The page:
diskutil rename /Volumes/Macintosh HD $DS_HOSTNAME
Now, one might think to oneself, couldn’t I just put $DS_HOSTNAME in the field for renaming the hard drive (part of a workflow). I tried it a number of different ways and couldn’t get it to work (in parenthesis, quoted out different kinds of ways, in different types of brackets and combinations of the above). If anyone knows of a way to use a variable in a GUI field within DeployStudio, let me know (I am guessing it can be done).
krypted June 12th, 2010
In Snow Leopard Server, Apple has introduced a whole new way to make Podcast workflows. It’s now simple to use, but still with amazing and powerful new automations that give Podcast Producer admins the ability to configure a host of new options quickly and easily. To get started, first setup Podcast Producer. Then, fire up Podcast Composer and go through 7 quick steps. First, provide a default name, author name and title for your workflow, then click on step 2.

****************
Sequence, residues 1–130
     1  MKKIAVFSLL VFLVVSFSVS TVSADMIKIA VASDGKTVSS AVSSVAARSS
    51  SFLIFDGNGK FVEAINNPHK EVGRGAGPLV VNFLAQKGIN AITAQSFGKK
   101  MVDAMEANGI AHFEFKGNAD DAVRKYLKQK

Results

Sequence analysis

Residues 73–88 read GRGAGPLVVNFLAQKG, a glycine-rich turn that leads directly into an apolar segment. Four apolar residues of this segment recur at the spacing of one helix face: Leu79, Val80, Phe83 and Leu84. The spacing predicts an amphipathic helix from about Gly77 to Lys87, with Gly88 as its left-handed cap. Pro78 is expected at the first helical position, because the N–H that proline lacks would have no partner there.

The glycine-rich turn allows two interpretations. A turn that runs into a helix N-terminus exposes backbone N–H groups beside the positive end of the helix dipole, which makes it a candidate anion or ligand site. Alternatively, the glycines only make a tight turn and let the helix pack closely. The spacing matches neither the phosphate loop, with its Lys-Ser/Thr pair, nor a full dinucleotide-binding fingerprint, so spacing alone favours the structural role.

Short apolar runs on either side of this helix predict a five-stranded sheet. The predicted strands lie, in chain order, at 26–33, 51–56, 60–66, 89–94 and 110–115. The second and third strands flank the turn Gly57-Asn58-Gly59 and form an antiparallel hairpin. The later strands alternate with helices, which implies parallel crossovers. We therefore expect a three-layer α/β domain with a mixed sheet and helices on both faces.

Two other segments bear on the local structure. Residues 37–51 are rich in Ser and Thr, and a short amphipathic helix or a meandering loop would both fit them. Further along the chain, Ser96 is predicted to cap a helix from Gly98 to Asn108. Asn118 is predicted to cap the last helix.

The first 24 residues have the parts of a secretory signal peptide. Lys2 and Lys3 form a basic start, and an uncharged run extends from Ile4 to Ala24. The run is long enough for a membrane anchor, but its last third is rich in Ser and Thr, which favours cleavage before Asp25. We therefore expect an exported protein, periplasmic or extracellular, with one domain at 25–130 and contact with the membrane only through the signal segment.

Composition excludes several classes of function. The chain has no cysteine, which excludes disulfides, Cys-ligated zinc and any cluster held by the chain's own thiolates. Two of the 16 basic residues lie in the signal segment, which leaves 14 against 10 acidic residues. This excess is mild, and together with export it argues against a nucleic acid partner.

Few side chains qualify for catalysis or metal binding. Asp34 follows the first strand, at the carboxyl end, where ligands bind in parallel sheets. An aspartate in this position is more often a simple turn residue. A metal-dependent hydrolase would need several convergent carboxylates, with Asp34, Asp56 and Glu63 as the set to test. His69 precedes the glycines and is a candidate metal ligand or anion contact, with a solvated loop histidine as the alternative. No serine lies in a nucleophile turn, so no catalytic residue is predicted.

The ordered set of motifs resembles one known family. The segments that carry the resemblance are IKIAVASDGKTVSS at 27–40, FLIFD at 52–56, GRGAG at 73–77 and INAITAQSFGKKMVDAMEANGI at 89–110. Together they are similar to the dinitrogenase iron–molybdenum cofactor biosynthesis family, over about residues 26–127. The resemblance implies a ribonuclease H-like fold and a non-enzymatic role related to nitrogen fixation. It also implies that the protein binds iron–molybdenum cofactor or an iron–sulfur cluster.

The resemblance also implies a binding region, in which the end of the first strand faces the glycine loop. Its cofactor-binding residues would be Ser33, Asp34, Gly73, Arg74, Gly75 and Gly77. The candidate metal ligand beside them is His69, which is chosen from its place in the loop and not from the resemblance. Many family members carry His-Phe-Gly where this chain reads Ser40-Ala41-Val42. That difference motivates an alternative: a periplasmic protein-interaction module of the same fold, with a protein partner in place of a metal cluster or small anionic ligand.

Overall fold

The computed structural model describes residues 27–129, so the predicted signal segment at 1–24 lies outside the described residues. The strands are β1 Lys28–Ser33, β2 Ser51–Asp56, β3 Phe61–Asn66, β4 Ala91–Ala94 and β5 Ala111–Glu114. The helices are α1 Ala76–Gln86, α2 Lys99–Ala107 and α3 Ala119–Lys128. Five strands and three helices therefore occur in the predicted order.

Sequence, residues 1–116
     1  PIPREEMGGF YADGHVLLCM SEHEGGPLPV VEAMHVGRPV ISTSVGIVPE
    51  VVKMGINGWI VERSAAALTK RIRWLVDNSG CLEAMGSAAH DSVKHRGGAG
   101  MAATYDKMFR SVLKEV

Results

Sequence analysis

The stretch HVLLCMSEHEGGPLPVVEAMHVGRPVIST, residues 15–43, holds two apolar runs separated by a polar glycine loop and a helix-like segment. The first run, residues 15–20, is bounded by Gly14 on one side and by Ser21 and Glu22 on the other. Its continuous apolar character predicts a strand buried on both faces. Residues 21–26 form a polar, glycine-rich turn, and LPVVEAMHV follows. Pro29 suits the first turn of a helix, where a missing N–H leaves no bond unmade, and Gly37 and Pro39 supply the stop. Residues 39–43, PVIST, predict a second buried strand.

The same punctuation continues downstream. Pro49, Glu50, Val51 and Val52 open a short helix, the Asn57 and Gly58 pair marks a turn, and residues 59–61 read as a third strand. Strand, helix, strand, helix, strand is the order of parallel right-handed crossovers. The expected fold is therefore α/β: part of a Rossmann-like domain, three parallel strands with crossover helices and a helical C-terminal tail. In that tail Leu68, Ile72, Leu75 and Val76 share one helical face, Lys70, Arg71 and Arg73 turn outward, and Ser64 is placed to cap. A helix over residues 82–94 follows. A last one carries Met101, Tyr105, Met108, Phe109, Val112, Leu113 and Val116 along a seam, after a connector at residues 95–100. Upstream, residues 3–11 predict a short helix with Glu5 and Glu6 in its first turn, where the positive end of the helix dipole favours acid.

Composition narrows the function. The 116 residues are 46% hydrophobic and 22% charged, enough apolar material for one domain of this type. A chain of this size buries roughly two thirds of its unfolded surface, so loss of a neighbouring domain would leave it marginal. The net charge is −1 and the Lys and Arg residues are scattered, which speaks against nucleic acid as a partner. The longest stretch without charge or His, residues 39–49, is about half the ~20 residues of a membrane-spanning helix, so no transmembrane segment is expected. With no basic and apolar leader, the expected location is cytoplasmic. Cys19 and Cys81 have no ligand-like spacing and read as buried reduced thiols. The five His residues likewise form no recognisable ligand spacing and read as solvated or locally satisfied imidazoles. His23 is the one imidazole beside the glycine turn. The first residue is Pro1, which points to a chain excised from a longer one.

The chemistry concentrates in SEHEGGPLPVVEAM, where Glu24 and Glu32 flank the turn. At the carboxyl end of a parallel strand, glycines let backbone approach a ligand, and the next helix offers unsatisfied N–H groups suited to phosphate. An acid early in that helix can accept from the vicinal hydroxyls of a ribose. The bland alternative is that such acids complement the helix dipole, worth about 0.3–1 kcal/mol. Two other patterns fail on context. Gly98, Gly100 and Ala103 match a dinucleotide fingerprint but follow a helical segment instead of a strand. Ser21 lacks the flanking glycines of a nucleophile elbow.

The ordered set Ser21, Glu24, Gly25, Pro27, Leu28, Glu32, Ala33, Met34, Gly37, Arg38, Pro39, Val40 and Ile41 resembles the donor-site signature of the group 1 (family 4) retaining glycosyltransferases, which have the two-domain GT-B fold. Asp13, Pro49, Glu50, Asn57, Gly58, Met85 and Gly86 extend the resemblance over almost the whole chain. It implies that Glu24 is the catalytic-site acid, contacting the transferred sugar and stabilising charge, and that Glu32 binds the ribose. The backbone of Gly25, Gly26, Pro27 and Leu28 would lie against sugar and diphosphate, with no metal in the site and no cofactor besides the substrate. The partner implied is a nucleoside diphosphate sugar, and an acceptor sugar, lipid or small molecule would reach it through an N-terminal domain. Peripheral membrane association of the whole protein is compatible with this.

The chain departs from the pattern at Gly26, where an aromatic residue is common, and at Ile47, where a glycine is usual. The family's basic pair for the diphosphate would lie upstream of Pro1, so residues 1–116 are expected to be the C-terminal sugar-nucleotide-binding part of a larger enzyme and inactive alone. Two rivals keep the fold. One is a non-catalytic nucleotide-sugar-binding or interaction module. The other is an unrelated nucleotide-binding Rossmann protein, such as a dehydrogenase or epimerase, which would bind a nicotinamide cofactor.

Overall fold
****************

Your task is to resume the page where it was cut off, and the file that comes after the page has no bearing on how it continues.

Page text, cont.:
In step two you’re going to configure the source of the video and audio. For each of the three options, Single Source, Dual Source and Montage, you’ll have an i to obtain more information about the source and configure settings more granularly. Single Source will perform much of the same functionality as Podcast Composer 1, you can select audio, video or Screen Recording (aka – screen capture). There’s a nice new feature for Automatic chapter generation for longer videos now, as well. Dual Source will allow users to use Keynote along with the video being captured, one of the coolest aspects of Podcast Composer 2 by far. You can select how the Keynote will interact with the video using some transitions familiar to users of both Keynote and iMovie. Finally, you can select Montage, which will use QuickLook to transition between various movies, images, documents (Word, Pages, PDF) and presentations (PowerPoint & Keynote) – if QuickLook can interpret it then you can drop them in.